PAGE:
I was one of the lucky ones. I was outside when it happened, outside and naked.
It was a glorious day, the sun high and bright above the garden, the clouds mere hints of white in the endless blue sky. I was on top of my wife, Sarah, taking advantage of the weather and the fact that our neighbours were on their summer holidays. I thrust downwards one final time and we screamed in unison. Not the expected screams of pleasure, but screams of agony. The grass beneath us had become sharp as glass, piercing my hands, my toes, my shins, my knees. Our screams ended but neither of us moved, scared as to what might come next. I felt the blood flow. My hands became wet, then sticky, then dry. We kept our eyes locked together. Fear and confusion and pain echoing between us like two mirrors. The grass stayed inside me and my fears contracted down into a single thought - what if the grass had become part of me?
I raised my right hand, the grass sliding away, fresh blood flowing. I let out a breath, my worst fear negated. Slowly, slowly, slowly I put my hand down on the grass again. At first a gentle touch, then harder, until I felt the blades - truly blades now - pressing into my hands once more, digging into untouched flesh and existing wounds. Sarah looked up at me, I raised my palm to show her and shook my head. I don't know if we could have spoken if we'd wanted to.
And so we stayed like that, my palm in front of her face. Our chests rose and fell, that was all. The shadows around us didn't move, the tingling in my naked back started to become a forecast of sunburned pain to come. I wished I'd put on sun-block, I hadn't been expecting to be out this long... But how long? I didn't know at first, but then it came to me. There was no 'how long'. There was no time. Nothing was moving. The air was still. I took in a deeper breath and felt nothing. No air filled my lungs. I blew out, directing my mouth at Sarah's hair, lying limping over one shoulder. It didn't move. I lent in closer to her. as close as I dared, put my cheek by her mouth. I felt nothing, no breath. The lungs and heart were still doing their work, but it was habit, nothing more. I tightened my chest and held my breath. It felt like time to me, I felt it pass, seconds, then minutes. But my body didn't rebel and I knew I could stay like this forever, because this was forever.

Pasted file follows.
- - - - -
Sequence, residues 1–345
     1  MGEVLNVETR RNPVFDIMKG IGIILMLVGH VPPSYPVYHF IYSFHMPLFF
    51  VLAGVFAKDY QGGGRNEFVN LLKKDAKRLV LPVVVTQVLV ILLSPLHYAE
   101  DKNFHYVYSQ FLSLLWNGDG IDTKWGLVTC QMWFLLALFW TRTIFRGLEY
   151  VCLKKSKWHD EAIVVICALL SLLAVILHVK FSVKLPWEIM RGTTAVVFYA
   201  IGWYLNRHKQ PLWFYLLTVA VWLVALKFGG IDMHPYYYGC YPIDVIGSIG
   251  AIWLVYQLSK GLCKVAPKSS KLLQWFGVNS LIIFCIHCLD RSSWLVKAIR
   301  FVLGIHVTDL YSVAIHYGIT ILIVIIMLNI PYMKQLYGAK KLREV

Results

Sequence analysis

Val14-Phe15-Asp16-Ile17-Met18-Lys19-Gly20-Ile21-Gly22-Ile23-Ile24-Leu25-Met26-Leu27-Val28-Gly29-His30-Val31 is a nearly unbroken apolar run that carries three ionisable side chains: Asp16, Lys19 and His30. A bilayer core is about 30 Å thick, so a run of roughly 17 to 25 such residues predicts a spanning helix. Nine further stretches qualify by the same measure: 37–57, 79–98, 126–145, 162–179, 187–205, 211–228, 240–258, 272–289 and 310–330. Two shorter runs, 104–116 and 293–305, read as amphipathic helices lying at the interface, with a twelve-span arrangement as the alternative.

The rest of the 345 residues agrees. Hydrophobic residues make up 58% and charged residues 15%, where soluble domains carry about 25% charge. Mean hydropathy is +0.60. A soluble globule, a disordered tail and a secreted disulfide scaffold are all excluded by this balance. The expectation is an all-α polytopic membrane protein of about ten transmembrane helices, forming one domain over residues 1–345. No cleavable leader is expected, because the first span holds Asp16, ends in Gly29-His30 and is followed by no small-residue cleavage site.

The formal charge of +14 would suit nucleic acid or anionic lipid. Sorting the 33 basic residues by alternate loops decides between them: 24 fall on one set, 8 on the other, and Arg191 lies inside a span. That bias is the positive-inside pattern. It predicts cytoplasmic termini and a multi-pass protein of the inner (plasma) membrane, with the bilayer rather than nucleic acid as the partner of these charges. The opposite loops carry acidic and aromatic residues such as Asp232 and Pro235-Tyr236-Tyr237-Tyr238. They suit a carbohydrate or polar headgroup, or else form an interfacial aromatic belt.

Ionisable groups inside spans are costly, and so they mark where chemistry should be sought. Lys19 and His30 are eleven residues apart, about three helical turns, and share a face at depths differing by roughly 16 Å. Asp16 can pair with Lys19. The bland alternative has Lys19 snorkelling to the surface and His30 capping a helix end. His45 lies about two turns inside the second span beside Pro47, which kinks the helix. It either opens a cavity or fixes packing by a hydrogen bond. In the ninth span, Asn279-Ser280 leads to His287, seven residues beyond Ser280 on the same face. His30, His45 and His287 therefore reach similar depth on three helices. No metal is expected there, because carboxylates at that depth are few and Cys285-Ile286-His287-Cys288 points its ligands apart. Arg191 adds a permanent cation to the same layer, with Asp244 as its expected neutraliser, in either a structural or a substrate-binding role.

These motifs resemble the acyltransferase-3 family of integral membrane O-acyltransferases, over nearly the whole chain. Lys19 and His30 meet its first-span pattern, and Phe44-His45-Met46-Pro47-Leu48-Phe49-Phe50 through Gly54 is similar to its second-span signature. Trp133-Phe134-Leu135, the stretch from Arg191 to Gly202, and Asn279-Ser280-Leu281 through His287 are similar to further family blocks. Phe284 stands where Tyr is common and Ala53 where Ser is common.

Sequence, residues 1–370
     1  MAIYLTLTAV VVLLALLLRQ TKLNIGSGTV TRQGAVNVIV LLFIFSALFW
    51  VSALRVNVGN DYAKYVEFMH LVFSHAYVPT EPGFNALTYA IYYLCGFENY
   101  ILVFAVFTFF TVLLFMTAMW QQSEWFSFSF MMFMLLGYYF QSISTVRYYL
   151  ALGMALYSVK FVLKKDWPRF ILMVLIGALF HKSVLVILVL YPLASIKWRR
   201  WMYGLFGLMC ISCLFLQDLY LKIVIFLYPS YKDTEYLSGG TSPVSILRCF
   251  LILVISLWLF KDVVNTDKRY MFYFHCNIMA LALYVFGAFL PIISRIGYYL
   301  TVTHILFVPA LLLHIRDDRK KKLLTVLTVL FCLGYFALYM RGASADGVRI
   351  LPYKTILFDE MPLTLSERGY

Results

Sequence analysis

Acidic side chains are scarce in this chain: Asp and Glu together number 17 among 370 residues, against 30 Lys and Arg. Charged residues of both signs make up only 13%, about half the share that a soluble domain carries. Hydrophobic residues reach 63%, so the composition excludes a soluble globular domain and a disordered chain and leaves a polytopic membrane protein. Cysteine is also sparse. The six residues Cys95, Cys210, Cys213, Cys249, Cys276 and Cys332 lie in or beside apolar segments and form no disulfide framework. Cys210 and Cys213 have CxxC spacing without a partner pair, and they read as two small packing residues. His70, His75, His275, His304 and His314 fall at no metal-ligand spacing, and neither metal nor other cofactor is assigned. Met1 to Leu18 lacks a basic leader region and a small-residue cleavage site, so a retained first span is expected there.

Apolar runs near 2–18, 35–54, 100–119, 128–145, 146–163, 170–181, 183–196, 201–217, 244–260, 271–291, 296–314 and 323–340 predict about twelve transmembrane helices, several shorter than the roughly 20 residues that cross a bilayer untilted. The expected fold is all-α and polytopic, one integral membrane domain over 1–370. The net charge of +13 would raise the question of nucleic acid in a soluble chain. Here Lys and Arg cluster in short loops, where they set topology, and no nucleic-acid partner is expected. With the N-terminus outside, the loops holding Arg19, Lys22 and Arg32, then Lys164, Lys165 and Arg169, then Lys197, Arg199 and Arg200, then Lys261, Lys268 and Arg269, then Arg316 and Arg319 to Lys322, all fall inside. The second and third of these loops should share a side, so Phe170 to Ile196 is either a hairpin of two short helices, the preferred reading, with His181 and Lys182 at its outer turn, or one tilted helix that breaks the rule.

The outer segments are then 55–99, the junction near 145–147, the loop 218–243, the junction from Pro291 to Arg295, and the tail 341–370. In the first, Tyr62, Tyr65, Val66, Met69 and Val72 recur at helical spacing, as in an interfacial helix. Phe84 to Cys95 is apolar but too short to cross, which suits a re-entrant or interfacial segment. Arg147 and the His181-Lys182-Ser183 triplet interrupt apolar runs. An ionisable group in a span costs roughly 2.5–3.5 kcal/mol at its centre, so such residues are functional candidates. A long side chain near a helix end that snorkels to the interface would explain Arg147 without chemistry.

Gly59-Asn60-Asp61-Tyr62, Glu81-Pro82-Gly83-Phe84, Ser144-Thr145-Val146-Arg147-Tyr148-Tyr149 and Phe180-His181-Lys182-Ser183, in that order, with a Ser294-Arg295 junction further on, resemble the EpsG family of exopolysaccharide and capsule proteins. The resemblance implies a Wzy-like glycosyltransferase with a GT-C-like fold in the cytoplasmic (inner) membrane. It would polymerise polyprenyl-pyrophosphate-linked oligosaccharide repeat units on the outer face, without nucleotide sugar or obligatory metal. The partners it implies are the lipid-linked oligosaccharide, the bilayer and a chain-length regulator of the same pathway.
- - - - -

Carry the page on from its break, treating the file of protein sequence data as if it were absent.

We had to reach the patio. The paving slabs were uneven - a bone of contention between us, an example of my sloth - and they were rough, but they weren't sharp, they couldn't cut us. I steeled myself for the pain to come, reached down, pressed my hand back into the grass, let it cut me. I pushed harder on my hands and feet, moved into a crouch, then stood. The blades sent sharp waves up my previously untouched heels. I gasped, I wavered slightly, I felt my head swim, I stayed upright. I looked across to the patio. I estimated ten steps. It took eleven, each a new and terrible surprise. When I reached the safety of the stones I collapsed and looked back. A clear trail of blood, drops and streams between each dark footprint. Sarah looked back, her eyes filled with concern for me, even as she lay there, pinned on her back.
"I'm okay," I said, "I love you."
The words seemed to die as they left my mouth, but the look in her eyes changed to show she'd heard me.
I looked across to the patio table, white and round and always too big for this garden. If I could slide it across, move her on to it, then I could spare her some of my pain. I grasped the table and pulled. It didn't move as I was expecting, it didn't move at all. I fell backwards, landed on my coccyx, felt the jolt of the fall and fresh grazes. I let myself collapse backwards and I started to laugh.
And I lost myself then. I lost myself in screaming, hysterical laughter and I didn't care. There was nothing but the laughter inside me and it had to come out before I burst. And it came and it came and it slowed a little and came again and slowed and...